One vital component, which hasn’t been included in the discussion, is the added value Costume Designers bring. No other aspect of a project’s physical production so readily creates excitement before, during, and following the production and screen time. Audiences care about Costume Design. That matters because attention online, in magazines, and social media as well as the influence on fashion, translates into more eyeballs on screens. With the knowledge that pay negotiations are rarely an easy subject for creative people, we have spoken to four of our esteemed colleagues to discuss their views on problems and potential solutions for complex issues. This is the first installment of an ongoing discussion of pay equity in The Costume Designer Magazine.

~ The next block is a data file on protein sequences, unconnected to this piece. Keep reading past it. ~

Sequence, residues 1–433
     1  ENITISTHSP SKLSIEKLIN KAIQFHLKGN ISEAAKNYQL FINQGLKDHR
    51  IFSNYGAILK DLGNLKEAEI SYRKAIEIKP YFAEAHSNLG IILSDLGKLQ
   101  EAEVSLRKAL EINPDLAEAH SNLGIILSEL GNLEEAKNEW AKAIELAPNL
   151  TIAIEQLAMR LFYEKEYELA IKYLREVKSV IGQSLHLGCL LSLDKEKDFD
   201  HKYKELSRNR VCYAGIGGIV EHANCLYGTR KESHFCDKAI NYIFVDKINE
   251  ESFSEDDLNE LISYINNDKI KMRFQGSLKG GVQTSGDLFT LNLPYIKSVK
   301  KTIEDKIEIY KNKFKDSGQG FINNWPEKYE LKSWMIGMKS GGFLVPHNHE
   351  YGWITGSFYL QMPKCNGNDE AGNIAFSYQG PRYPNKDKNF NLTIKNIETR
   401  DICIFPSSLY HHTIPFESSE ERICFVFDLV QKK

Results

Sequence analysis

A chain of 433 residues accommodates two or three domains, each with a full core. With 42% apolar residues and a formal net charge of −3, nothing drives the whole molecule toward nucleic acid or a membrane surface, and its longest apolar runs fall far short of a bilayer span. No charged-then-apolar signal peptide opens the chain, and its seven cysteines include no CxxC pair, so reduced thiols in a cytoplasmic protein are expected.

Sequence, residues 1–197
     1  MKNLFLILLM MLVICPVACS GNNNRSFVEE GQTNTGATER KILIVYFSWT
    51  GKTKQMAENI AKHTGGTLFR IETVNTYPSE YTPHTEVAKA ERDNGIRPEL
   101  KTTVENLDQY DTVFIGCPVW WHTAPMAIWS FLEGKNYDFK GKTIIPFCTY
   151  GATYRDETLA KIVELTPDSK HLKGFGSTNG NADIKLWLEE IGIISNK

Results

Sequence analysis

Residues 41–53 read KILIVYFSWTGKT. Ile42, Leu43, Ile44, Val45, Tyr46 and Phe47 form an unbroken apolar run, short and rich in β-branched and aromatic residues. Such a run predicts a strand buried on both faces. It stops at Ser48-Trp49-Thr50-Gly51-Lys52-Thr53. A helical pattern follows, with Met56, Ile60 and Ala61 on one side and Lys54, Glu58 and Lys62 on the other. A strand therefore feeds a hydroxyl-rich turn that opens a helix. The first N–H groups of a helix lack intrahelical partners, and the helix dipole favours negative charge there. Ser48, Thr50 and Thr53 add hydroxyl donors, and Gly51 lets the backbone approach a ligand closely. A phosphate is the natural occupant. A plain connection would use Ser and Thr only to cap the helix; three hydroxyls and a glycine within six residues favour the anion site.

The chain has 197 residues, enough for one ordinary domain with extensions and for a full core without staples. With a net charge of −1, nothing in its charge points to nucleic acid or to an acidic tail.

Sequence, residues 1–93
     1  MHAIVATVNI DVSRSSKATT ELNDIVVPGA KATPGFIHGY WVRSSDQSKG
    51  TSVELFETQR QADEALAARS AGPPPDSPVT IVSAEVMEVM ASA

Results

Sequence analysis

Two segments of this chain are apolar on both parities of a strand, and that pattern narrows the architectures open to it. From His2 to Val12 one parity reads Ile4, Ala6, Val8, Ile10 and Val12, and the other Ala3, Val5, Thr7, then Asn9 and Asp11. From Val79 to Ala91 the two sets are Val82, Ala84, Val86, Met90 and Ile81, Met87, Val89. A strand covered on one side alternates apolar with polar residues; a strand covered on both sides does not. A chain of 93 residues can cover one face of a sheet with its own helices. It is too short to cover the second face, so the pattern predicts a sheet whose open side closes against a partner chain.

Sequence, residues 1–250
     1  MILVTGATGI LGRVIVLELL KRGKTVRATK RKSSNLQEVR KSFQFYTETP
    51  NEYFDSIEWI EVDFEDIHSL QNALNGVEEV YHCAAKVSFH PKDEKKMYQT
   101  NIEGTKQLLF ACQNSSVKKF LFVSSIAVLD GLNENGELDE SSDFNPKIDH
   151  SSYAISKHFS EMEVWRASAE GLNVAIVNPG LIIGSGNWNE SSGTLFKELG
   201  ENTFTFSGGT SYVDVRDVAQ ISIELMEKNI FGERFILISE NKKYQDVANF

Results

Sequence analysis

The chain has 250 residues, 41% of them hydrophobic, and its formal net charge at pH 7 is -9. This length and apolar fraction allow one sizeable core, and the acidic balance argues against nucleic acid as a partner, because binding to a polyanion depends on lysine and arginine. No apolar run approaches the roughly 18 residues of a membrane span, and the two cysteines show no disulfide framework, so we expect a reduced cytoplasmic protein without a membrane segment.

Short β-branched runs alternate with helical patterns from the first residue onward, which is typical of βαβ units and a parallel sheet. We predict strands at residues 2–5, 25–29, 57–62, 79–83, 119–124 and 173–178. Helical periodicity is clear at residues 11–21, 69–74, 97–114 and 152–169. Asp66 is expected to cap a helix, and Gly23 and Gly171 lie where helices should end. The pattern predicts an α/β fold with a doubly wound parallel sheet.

Dr. Deborah Nadoolman Landis
The David C. Copley Center for Costume Design at U.C.L.A.

When Dr. Deborah Nadoolman Landis considers the collaborative partnership between Costume Design and art direction, she sees them paired, as yin and yang. What she finds irreconcilable is that the contract does not reflect that relationship. Instead, it suggests the set is more valuable because the people who create the world are paid more. As she investigated this discrepancy, Landis realized, “In the wider world, architecture is so valuable and such a male pursuit. Fashion design [and subsequently Costume Design] is seen as a female pursuit. It’s the power of the hammer as opposed to the power of the needle, the people who wield the hammer are paid more and seen as more important than people who work in soft industries.” It was during her presidency of the Costume Designers Guild that she made the connection to gender. “Many sleepless nights later, I thought, ‘Oh, my goodness, this is gender at its very core,’” she exclaims, “I was so disappointed because I understood immediately that this would be far more difficult to change.”